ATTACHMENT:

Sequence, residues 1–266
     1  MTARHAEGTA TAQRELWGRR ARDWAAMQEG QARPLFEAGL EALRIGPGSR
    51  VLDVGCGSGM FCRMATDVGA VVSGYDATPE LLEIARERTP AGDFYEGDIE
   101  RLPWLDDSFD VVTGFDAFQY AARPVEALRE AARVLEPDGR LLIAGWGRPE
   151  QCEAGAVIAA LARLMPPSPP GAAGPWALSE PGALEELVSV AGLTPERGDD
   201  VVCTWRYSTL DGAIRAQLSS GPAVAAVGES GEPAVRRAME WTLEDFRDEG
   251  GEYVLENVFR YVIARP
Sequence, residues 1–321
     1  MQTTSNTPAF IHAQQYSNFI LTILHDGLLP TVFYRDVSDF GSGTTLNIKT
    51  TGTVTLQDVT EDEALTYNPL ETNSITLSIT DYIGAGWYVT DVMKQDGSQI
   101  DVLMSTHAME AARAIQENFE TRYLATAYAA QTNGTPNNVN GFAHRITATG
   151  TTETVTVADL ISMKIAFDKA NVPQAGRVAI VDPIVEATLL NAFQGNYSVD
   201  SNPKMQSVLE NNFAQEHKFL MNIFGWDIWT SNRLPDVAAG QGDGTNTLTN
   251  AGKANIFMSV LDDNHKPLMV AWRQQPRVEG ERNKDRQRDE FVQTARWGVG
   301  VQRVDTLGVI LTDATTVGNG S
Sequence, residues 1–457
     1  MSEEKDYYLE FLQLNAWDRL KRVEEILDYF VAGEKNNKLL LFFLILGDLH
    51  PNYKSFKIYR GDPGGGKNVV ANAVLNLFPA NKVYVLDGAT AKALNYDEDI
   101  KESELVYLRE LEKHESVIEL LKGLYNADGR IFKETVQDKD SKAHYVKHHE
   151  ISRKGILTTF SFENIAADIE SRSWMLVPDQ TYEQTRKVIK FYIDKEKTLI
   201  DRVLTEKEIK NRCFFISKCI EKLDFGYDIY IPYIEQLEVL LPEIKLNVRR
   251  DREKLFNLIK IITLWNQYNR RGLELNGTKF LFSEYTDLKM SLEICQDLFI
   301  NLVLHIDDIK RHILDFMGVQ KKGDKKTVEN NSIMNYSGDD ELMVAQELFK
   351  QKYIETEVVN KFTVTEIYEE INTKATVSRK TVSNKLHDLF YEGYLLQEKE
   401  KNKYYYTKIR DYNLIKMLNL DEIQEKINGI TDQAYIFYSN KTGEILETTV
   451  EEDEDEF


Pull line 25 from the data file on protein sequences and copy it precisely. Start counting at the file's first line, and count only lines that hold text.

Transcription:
   401  KNKYYYTKIR DYNLIKMLNL DEIQEKINGI TDQAYIFYSN KTGEILETTV